Constraining Times of Extension in the Southern Rio Grande Rift and Basin and Range Using Apatite and Zircon (U-Th)/He Thermochronology
The Rio Grande rift and the Basin and Range are adjacent extensional domains that have evolved contemporaneously in western North America. Although the rift is often considered to be the easternmost boundary of Basin and Range extension, there is geologic and geophysical evidence that suggests the two are discrete provinces. Existing low-temperature thermochronologic data indicate that a period of synchronous extension occurred across the entire length of the rift from ~25–10 Ma. However, these studies were more focused on the northern and central sections of the rift, and thermochronologic data remains sparse in southern New Mexico. We collected rock samples from the footwalls of normal faults in seven mountain ranges across southern New Mexico and southeastern Arizona, and from these samples a total of 42 zircon (U-Th)/He and 23 apatite (U-Th)/He ages were obtained. A change in thermochronologic age vs. eU relationships is observed to the west of the Cookes Range and Florida Mountains and suggests different extensional styles in the region. The change coincides with a previously proposed boundary between the Basin and Range and Rio Grande rift. We propose a master detachment fault controlling low-angle faulting in the Basin and Range in southern New Mexico. The hypothesized detachment, along with the crustal and mantle structure beneath the southern Rio Grande rift, are consistent with the simple shear model of lithospheric stretching.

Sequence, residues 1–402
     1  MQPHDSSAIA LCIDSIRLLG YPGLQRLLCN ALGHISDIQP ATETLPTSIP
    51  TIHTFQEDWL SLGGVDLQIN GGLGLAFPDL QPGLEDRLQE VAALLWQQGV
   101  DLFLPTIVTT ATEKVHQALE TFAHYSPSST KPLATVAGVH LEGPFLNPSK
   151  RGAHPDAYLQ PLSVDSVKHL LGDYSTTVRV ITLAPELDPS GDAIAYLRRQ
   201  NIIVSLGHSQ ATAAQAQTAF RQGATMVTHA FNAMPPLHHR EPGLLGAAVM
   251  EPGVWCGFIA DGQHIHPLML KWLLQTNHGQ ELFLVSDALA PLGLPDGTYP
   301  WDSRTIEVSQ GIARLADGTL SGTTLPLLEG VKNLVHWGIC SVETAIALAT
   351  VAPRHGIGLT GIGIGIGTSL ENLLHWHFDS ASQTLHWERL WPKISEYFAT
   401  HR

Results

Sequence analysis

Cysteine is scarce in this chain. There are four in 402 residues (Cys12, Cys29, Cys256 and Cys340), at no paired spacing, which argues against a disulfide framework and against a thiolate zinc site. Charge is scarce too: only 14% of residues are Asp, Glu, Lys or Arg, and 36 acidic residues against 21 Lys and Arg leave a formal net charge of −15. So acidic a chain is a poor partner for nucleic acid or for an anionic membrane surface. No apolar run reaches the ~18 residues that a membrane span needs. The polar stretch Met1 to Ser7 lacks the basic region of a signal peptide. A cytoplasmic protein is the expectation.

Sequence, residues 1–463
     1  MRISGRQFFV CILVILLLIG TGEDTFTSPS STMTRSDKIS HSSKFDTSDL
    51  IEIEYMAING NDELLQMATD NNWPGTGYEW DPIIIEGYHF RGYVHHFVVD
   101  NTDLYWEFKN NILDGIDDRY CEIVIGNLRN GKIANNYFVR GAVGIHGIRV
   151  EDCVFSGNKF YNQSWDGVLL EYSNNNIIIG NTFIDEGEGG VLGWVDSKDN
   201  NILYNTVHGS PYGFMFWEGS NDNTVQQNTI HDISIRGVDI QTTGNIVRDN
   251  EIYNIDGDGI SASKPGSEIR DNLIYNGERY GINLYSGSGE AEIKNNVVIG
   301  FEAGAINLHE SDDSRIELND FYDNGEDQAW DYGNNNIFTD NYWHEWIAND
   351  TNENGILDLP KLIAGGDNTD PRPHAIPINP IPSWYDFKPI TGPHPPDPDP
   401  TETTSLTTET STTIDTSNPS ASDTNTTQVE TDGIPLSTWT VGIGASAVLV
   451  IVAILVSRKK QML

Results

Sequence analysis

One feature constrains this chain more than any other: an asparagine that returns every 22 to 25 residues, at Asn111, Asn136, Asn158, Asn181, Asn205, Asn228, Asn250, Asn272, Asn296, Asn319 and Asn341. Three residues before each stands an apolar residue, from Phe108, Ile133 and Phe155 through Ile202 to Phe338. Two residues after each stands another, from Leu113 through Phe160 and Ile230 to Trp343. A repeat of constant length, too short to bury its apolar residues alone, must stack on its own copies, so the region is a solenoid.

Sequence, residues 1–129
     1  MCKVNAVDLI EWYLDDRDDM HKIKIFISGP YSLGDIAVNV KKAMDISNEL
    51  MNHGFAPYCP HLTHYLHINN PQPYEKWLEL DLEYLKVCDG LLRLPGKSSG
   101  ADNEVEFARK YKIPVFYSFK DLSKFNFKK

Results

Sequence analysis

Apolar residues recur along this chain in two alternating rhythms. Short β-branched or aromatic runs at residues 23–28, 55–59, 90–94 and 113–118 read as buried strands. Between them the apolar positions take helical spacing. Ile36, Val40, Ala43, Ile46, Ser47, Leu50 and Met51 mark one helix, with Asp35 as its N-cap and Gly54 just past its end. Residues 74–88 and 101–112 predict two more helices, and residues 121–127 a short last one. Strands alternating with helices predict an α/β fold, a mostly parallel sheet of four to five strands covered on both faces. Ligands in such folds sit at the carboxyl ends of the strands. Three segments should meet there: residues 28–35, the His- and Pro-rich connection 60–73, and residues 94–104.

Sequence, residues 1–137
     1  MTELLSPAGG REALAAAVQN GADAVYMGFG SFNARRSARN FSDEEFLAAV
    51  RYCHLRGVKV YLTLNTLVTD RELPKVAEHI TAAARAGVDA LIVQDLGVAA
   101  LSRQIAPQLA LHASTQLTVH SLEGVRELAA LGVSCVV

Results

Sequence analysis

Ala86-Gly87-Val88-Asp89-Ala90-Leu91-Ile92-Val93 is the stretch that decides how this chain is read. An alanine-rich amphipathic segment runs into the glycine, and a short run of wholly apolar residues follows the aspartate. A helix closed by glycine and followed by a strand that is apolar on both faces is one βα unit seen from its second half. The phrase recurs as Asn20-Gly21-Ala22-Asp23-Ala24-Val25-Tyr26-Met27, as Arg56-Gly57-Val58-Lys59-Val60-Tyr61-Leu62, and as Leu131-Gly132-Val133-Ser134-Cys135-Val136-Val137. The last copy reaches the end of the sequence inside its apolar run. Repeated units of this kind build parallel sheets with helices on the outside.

Biddle, Julian, "Constraining Times of Extension in the Southern Rio Grande Rift and Basin and Range Using Apatite and Zircon (U-Th)/He Thermochronology" (2017). ETD Collection for University of Texas, El Paso. AAI10688885.